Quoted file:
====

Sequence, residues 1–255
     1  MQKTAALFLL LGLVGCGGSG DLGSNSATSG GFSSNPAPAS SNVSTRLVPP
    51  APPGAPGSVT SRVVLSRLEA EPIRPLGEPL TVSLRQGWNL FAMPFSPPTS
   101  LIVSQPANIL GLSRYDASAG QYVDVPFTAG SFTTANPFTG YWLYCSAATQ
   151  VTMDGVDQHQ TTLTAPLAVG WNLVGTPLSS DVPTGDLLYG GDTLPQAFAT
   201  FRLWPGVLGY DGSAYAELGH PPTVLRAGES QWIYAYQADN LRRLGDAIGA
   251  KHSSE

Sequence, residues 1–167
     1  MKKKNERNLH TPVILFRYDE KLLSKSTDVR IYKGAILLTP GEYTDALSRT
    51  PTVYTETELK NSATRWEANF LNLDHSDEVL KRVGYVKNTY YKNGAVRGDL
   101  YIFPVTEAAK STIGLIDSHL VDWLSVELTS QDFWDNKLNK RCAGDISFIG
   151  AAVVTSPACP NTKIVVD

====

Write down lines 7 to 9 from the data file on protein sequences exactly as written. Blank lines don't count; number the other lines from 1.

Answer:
   251  KHSSE

Sequence, residues 1–167
     1  MKKKNERNLH TPVILFRYDE KLLSKSTDVR IYKGAILLTP GEYTDALSRT